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Paleo Diet recipes considerations: an essential that will make or break ANY dish is the QUALITY of every ingredient.
I can't emphasize this enough. If you don't already know, even the selections at health food stores are rarely the finest.
PHOTO BELOW: Organic eggs from pasture-raised chickens.
'Organic' and 'grass-fed' standards have been severely compromised. 'Organic, grass-fed beef' may mean animals that live crowded in a barn and get dried hay (grass) plus perhaps a certain percentage of soy (very bad), grains (usually moldy - mycotoxins become concentrated in the meat) and other even more insidious ingredients (cows can eat and digest a multitude of things that we would not in the furthest imagination consider edible). 'Free range beef' or any other 'free range' livestock may have a crowded pen without a roof - I guess stepping out where they can get some sun is 'free-range.' Don't think so!
I do not trust 'health' stores, especially not Whole Foods.
Your best option is - find a farmer you really trust and buy direct. If you live in a suburban or urban area, an ideal choice is Miller's Organic Farm (717) 556-0672. Ordering from them both saves time AND provides you with REAL pasture-raised beef, chicken and other meats that are not fed soy, and only fed some grain (in the case of poultry, which apparently cannot thrive without it, even if pasture raised). These hard-working Amish in Pennsylvania will ship refrigerated FedEx 2 day or Express anywhere in the USA.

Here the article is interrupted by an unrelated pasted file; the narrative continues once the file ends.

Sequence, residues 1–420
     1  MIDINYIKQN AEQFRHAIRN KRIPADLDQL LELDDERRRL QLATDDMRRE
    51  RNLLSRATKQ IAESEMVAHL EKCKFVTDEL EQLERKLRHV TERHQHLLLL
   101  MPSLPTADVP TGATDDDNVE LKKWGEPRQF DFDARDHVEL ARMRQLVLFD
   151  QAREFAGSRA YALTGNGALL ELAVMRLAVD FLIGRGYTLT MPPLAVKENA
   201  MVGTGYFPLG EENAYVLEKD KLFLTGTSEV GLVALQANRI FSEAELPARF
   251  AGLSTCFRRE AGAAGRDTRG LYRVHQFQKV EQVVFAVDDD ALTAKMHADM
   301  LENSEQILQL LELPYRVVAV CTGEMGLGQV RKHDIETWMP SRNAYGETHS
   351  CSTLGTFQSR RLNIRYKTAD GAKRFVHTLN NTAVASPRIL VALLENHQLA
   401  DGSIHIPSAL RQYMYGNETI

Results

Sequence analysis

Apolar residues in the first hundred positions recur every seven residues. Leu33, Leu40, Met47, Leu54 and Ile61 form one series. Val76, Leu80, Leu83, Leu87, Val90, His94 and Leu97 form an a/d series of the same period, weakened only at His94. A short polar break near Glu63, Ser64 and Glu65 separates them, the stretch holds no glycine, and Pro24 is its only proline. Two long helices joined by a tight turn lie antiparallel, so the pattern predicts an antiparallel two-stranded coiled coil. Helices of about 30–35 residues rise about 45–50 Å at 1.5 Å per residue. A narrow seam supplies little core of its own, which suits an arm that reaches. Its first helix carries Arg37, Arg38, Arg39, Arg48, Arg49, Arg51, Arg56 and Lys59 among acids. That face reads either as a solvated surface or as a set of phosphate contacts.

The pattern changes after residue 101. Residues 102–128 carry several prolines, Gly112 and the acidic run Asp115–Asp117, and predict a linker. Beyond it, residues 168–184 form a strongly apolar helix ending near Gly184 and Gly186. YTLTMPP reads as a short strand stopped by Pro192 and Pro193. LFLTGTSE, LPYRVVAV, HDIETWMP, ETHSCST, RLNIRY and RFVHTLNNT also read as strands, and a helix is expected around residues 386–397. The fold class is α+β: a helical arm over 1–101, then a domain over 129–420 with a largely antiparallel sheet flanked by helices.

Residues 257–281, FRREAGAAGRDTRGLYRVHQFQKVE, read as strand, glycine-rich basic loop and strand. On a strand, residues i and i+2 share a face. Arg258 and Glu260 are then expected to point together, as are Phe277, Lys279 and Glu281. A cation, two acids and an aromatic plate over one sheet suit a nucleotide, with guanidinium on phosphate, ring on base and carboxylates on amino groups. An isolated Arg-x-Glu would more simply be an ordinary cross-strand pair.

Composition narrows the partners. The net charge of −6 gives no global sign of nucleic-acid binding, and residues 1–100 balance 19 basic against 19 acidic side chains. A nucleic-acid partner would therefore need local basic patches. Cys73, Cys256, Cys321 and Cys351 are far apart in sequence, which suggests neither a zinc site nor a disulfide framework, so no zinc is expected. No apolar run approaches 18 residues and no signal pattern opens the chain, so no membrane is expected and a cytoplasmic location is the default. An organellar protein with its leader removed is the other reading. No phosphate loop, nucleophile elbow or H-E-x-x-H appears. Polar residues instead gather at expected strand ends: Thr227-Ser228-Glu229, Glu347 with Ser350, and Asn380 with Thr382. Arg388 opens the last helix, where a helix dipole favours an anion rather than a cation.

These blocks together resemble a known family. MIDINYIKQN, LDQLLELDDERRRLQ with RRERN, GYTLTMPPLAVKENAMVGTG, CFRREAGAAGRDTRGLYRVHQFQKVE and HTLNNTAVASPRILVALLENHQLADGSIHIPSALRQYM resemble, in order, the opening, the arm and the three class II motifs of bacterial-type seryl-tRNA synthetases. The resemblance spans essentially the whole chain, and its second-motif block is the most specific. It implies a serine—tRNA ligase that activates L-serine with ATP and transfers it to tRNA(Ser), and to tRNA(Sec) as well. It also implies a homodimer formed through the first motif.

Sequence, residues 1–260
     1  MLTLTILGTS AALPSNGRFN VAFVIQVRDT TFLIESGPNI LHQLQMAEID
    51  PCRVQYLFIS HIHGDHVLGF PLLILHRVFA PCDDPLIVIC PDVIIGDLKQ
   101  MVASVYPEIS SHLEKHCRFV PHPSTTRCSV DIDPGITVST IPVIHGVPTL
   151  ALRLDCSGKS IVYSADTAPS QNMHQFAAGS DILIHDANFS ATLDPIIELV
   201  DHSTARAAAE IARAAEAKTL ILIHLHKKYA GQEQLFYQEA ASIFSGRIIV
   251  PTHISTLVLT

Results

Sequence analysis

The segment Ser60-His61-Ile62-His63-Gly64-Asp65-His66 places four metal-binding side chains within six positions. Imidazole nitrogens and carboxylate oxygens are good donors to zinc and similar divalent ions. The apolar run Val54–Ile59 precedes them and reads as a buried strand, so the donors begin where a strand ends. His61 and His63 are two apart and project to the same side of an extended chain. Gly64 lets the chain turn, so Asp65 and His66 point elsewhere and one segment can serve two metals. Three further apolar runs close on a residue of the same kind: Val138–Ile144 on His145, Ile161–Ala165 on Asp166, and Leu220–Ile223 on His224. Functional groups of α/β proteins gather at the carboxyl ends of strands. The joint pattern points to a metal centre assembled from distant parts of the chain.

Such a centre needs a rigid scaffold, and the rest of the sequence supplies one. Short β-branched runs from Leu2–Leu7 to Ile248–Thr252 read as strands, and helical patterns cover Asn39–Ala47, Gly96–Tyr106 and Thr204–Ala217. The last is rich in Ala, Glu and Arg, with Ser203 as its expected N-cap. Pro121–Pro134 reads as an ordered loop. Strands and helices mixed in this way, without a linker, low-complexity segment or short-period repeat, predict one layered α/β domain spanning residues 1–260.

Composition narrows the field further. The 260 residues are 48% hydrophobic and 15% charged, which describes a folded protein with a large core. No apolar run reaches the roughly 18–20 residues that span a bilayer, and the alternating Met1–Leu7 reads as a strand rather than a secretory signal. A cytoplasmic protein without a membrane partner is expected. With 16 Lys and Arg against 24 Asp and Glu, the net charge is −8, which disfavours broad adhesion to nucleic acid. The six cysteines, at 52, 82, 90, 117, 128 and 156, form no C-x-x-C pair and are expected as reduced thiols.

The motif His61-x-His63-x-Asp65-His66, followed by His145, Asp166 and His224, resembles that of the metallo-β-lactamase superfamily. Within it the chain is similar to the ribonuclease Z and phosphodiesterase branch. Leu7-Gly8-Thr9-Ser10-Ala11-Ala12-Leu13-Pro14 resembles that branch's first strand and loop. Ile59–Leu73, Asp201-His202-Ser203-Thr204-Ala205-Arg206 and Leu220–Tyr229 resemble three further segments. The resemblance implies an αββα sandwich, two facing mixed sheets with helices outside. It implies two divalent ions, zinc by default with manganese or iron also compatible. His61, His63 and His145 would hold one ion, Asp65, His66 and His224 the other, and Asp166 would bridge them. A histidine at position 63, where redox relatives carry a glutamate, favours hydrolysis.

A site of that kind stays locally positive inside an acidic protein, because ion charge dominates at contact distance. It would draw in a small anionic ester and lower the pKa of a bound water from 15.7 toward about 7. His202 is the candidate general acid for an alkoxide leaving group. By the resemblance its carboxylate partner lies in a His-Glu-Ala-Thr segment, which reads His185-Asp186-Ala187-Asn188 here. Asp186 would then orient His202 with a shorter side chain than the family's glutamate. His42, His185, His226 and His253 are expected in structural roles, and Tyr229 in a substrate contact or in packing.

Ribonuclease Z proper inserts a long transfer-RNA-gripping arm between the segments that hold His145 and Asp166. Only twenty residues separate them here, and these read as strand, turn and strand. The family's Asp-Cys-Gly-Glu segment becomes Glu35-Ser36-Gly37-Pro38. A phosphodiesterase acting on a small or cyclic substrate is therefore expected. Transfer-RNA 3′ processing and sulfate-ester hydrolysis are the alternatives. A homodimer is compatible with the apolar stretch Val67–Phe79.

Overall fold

Paleo diet recipes considerations are JUST as important for fruits and vegetables as for meats.
OK, this is a little gross. Do you know what 'biosolids' means? Biosolids is the new re-branding name given to sewage - raw human waste from big cities is spread on so-called 'organic' farmland to grow many of the 'organic' vegetables you so assiduously look for when shopping. Not only is it raw sewage, but do you dare find out what's really in it? It is claimed that raw human sewage is 'processed,' meaning heated, composted, etc. but it is debatable that a goodly amount of it is - and even if it were, there are industrial and pharmaceutical chemicals, toxic metals (such as mercury and lead) and bacteria such as e-coli that survive such processes. Of the approximately 100,000 chemicals produced, many are illegally dumped in sewers and become part of the 'biosolids fertilizer,' along with household chemicals and pesticides, pathogenic viruses and bacteria and VOC's (volatile organic compounds).
The use of 'biosolids' on organic farms was being debated over 20 years ago, as in this article:
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